They are the highest number of footprints ever found in one place and give an insight into the African ancient civilization
The northern part of Tanzania in Africa lies the sacred volcano named Ol Doinyo Lengai, and it’s here that a team of anthropologists claimed to have discovered hundreds of ancients footprints preserved in the desolate ground for what could be nearly 19,000 years.
The team of geologists led by Cynthia Liutkus-Pierce, from Appalachian State University, could help understand the how early Africans lived and traveled. The unusual find shows prints from both women and children and even someone walking with a possible broken big toe, according to a ScienceAlert report.
It’s thought the ancient footprints were preserved due to a steady flow of mud and ash from the volcano that would have dried out within days of the footprints being created. The footprints are an exciting find because, up until now, the information about ancient civilizations have been pieced together through physical debris such as tools and examining human and animal bones.
“It’s a very complicated site,” one of the team, William Harcourt-Smith from the City University of New York, told National Geographic. “There’s one area where there are so many prints, we’ve nicknamed it the ‘dance hall’, because I’ve never seen so many prints in one place. It’s completely nuts.”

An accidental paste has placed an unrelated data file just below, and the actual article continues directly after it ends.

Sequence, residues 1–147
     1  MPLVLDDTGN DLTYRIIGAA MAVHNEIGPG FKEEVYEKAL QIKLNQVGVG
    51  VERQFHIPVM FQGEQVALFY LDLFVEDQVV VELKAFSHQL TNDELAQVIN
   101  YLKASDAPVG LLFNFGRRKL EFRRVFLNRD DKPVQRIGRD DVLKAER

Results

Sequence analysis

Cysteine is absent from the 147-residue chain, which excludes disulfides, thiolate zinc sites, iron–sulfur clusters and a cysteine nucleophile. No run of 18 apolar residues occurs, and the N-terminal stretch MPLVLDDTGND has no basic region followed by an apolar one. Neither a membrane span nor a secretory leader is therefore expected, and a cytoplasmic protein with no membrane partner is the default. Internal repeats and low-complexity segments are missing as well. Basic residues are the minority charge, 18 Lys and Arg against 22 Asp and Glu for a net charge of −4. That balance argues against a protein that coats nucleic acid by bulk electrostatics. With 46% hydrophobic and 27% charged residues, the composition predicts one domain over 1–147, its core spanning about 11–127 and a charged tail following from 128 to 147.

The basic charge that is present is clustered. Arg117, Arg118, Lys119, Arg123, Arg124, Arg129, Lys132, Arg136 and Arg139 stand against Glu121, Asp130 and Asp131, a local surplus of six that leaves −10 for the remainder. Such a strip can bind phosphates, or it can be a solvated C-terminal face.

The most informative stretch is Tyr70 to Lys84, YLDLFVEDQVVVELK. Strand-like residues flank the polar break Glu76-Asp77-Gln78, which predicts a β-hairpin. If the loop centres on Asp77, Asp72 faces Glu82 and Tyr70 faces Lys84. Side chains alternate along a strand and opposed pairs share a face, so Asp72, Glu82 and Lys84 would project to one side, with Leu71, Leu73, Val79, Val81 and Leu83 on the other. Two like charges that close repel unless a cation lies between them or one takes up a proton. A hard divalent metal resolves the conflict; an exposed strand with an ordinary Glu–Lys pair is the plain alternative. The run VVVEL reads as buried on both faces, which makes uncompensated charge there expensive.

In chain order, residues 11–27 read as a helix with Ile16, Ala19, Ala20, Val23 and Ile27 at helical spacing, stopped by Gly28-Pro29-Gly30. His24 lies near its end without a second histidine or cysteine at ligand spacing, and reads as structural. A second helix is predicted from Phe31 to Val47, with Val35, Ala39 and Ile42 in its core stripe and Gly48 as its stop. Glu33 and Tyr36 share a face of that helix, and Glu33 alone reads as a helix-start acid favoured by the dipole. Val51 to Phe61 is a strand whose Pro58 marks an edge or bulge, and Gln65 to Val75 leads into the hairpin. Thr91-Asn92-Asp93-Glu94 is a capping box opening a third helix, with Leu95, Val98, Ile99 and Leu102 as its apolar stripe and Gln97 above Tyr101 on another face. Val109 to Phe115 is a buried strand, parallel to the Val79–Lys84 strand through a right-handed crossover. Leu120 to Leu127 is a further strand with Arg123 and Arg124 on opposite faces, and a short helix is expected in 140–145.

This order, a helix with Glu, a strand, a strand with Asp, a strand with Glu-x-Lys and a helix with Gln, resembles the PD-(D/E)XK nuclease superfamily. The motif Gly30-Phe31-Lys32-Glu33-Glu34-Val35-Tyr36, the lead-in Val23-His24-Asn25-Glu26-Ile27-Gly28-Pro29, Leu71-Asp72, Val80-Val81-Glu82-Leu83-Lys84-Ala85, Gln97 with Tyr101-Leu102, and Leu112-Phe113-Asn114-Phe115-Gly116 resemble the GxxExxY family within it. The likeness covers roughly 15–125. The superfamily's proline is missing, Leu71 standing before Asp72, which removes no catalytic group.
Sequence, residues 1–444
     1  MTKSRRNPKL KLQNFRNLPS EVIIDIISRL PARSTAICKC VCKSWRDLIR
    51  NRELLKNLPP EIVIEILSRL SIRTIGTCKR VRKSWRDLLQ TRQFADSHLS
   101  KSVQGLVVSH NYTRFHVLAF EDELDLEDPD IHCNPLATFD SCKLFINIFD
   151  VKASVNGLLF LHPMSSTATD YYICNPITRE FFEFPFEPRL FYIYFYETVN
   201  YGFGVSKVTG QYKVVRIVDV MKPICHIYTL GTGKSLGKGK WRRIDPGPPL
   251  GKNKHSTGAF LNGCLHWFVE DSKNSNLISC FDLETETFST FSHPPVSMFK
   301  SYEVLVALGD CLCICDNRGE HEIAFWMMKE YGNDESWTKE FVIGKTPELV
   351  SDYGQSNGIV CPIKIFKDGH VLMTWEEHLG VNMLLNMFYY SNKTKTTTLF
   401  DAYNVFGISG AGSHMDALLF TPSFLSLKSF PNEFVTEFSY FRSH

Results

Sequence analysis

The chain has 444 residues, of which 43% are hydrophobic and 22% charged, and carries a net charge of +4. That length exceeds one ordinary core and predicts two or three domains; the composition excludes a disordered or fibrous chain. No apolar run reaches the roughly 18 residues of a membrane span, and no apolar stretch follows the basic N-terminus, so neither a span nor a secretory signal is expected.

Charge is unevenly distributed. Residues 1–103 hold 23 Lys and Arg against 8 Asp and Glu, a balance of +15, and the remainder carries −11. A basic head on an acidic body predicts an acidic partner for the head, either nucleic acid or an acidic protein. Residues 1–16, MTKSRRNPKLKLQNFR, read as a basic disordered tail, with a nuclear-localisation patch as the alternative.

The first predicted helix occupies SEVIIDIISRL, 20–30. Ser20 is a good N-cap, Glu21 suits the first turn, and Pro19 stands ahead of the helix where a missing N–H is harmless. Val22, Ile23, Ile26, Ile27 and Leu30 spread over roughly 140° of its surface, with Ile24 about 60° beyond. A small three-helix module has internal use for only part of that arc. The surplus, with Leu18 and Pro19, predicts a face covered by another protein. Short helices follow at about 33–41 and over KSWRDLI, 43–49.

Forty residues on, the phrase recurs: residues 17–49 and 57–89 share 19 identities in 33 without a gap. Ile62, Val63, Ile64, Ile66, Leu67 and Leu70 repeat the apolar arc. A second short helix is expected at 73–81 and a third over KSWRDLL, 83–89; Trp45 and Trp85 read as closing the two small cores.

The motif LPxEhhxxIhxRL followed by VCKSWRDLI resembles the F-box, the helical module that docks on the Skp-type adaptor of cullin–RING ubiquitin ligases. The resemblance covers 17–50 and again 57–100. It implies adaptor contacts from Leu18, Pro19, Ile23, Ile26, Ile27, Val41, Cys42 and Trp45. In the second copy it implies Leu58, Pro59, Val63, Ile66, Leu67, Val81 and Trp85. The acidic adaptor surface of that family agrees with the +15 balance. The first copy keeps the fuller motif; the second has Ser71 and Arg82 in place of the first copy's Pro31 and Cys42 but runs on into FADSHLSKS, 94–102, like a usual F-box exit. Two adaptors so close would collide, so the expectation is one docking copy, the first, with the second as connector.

The tribes at the time were thought to be highly nomadic and so the footprints could provide a window into how and in what direction they moved.
“The footprints were created (and then preserved) sometime between 19,000 and 10-12,000 years ago. This means that the Engare Sero prints are latest Pleistocene in age. The footprints at Engare Sero add to the unique record of fossil footprint sites throughout the world. They record traces of our ancestors, their activity and behaviour during the latest Pleistocene along the margin of Lake Natron in Tanzania,” Liutkus-Pierce told the Mail Online.
Details of the find were published in the journal Palaeogeography, Palaeoclimatology, Palaeoecology.